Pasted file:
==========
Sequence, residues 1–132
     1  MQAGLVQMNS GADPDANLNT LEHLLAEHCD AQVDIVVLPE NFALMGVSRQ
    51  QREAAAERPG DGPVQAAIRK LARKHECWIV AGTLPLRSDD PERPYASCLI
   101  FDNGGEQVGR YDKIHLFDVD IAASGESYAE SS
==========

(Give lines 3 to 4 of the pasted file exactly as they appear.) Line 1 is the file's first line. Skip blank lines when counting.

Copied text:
    51  QREAAAERPG DGPVQAAIRK LARKHECWIV AGTLPLRSDD PERPYASCLI
   101  FDNGGEQVGR YDKIHLFDVD IAASGESYAE SS